The Obama administration is using Drupal (an open source software project) for the government's 2.0 recovery website. Great. recovery.gov
With Drupal being used on such a nationally recognized site, a gigantic government one, it should be proof that it is enterprise ready.
You know, the static ones with old information. Or one where you couldn't find the information you wanted? The kind where the customers needs were an after thought. I dread those. You see them all over the web. From small business sites to medium ones and even large company sites. They all suck.
Here's a nice film promoting Charles Leadbetter's new book "We Think". The book is about collaborative innovation on the net.
From Mr. Leadbetter's site, "Welcome to We-think: mass innovation, not mass production
WeThink explores how the web is changing our world, creating a culture in which more people than ever can participate, share and collaborate, ideas and information.
Ideas take life when they are shared. That is why the web is such a potent platform for creativity and innovation.
CIO Insight, "Collaboration tools which allow employees to brainstorm, plan, analyze, share work and make decisions together are among the most important technologies of 2008.
"Collaboration: Unlocking the Power of Teams" from CIO Insight, By Allan Alter
Most of these social software technologies, at least the ones we set up, use tags (think tag clouds), folksonomies, taxonomies, , voting, reviews, recommendations, and search. This makes it quick and easy for experts as well as cross-collaboration teams to quickly and easily filter through ideas.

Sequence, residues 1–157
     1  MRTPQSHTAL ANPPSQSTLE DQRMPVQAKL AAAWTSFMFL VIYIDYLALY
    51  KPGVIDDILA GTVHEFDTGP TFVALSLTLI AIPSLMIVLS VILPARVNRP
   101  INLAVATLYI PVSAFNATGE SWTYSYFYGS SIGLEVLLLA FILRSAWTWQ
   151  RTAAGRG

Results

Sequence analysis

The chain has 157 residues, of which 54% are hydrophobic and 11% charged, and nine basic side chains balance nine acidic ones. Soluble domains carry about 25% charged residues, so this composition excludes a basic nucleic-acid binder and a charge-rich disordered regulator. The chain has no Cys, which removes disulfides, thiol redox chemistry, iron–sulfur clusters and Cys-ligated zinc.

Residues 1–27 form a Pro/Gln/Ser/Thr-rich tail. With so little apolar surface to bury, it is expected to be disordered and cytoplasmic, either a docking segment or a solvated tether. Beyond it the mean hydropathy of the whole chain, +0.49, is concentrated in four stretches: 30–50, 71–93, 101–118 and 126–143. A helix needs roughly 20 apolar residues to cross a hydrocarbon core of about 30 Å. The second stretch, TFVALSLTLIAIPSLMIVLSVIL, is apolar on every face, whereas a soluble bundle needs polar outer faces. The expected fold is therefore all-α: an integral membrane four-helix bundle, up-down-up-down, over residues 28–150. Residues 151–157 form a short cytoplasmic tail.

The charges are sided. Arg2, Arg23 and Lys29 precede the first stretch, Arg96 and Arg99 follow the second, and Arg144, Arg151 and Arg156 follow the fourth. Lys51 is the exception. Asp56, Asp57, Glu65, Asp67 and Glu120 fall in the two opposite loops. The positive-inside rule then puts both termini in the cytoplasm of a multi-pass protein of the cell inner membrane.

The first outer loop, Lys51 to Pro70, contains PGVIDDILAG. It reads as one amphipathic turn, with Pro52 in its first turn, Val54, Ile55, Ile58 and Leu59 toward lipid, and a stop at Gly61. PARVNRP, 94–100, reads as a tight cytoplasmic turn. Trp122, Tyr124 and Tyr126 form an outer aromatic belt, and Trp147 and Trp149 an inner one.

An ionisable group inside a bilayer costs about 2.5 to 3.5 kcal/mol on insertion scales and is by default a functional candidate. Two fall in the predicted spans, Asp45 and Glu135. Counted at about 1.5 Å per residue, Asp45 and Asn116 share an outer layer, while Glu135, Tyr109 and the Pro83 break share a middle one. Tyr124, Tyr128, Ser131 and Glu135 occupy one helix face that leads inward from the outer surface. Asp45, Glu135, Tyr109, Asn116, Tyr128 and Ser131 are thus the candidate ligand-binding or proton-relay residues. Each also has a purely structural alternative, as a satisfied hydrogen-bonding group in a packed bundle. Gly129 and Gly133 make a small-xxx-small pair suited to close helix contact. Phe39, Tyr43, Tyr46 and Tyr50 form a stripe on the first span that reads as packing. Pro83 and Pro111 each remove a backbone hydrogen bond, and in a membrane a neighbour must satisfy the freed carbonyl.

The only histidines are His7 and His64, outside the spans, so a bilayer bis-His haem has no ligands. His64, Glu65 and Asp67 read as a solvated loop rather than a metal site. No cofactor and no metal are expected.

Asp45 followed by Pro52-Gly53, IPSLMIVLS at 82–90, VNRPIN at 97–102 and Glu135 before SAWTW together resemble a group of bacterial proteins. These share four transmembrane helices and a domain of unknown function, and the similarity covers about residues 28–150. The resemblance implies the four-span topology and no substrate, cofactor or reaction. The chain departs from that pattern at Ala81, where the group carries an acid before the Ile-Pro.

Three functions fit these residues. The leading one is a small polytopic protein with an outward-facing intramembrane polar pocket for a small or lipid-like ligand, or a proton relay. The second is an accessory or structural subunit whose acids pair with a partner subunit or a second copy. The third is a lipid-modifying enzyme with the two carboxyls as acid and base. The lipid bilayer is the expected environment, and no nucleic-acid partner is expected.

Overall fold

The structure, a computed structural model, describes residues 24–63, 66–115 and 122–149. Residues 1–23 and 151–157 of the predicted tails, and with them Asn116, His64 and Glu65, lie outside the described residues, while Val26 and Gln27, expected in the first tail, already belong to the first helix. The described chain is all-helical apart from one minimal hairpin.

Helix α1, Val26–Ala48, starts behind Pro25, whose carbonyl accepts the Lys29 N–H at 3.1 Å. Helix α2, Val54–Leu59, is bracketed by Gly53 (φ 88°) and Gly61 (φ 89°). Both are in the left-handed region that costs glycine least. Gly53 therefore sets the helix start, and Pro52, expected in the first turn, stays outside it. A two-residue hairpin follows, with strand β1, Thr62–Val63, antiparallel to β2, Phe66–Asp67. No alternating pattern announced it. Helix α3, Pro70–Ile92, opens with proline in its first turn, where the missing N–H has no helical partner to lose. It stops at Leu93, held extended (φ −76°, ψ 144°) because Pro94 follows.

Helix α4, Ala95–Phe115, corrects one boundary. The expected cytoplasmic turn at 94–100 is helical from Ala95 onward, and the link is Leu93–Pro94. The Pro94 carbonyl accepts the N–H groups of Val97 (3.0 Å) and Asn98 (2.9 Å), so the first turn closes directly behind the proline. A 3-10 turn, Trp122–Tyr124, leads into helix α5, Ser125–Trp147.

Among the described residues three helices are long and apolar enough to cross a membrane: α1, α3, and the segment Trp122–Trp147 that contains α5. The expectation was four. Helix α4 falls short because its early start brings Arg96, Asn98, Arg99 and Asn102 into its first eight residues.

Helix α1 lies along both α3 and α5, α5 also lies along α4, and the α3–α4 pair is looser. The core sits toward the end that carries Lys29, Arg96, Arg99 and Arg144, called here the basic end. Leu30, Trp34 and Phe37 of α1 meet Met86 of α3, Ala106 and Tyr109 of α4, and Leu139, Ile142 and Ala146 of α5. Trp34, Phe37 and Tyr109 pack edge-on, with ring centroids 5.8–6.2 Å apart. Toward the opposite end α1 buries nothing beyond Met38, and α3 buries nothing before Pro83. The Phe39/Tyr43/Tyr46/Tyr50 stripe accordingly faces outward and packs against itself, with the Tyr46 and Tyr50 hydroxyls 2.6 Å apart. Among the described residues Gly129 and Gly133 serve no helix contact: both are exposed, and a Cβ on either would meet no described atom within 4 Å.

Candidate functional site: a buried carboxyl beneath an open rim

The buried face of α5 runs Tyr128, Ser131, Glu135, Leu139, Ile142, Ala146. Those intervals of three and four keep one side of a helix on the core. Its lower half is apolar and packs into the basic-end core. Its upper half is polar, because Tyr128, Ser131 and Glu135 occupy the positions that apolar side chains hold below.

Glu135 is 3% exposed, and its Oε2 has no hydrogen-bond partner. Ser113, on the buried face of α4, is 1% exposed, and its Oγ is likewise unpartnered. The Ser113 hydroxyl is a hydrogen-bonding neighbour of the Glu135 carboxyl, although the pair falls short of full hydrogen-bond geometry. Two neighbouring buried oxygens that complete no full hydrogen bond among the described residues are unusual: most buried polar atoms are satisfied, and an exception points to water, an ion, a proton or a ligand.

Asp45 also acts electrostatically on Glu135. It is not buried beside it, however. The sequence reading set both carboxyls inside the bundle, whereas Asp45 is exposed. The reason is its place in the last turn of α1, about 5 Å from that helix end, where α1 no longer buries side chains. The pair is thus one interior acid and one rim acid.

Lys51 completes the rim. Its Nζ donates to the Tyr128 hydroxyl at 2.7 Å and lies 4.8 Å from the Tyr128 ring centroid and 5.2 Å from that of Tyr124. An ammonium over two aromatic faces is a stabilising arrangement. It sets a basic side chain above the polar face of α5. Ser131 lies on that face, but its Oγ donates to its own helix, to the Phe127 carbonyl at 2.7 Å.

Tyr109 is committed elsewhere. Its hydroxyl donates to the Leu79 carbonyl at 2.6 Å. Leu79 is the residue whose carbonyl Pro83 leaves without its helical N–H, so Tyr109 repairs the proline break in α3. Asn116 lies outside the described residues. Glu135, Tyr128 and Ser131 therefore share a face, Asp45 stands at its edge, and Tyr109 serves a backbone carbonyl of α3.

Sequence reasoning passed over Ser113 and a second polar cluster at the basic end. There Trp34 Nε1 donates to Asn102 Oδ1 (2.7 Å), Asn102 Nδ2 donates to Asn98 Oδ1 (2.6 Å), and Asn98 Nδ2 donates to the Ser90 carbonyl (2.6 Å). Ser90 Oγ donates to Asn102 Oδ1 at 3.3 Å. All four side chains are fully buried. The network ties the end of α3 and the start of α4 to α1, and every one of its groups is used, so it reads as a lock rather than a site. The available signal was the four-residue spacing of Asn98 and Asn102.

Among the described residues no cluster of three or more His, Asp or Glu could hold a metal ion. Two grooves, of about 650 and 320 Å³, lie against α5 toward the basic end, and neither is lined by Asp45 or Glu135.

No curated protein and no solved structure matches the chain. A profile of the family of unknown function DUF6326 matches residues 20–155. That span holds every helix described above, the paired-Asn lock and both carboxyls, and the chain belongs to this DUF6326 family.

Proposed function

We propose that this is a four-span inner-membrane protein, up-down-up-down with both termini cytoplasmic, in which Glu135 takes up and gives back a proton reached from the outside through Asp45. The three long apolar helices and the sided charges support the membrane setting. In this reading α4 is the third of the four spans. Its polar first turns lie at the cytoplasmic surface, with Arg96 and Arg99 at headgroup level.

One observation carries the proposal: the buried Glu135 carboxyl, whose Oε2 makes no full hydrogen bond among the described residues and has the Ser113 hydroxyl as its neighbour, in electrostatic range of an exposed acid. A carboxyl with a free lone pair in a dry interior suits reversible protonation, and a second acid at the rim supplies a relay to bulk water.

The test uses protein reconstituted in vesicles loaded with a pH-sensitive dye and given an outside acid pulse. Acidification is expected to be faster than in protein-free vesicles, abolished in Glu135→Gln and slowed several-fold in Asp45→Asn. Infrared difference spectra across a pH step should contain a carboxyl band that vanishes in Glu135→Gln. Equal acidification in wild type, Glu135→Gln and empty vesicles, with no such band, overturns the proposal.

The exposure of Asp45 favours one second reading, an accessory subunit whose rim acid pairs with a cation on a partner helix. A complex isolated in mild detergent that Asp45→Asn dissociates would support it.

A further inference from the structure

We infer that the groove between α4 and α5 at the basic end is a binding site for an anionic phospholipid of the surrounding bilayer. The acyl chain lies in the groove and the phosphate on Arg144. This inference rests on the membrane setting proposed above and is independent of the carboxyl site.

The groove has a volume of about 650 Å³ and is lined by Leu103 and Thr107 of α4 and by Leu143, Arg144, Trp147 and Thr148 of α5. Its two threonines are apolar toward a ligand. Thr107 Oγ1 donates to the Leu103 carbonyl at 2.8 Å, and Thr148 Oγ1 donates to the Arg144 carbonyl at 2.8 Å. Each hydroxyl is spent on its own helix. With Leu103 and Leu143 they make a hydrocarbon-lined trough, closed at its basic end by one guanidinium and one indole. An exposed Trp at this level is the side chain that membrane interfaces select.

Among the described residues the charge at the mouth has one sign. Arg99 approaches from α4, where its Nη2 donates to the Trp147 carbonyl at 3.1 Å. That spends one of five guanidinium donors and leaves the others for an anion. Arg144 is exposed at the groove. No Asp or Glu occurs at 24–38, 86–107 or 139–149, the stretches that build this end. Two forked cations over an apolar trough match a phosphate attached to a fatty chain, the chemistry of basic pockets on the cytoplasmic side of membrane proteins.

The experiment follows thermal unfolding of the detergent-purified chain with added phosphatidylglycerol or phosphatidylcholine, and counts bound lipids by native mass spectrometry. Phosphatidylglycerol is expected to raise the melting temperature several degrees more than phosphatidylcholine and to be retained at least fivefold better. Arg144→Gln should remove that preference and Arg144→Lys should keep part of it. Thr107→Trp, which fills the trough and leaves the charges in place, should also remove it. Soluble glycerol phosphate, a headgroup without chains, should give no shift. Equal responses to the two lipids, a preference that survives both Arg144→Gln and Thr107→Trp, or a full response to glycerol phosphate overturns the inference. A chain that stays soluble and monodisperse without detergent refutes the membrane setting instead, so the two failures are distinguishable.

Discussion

Not so fast. I often times get caught up in what I know about social networking and information management - the curse of knowledge. I assume that most people are familiar with the ideas of social information management. They aren't.
"The growing number of companies offering private-label social network solutions, as well as IBM's recent entry into the field with its Lotus Connections social software platform for business, is a sure sign of increased demand. Other companies, like LinkedIn and Ryze, have social networking at the core of product offerings that generate revenue by bringing offline business networking practices into the online world. And corporations are continuing to incorporate advertising on affinity networks in their campaigns to reach highly targeted audiences with measurable response rates.
But companies aren't replicating the free-flowing exchange that has been a hallmark of the broader blogosphere. Rather, companies are trying to harness that freedom and conform it to business needs, with forward-thinking companies using strategic planning and formal policies to shape the use of blogs and other Web 2.0 tools to drive more communication and collaboration among workers.
Bringing on the blogs
Over the last few years, management gurus Malone, Hagel, and now Hamel have published books on innovative management and new technologies - social network tools and community software applications. Here's a taste of what Gary Hamel has to say...
"Innovative management: A conversation with Gary Hamel, from Mckinsey quarterly (reg req).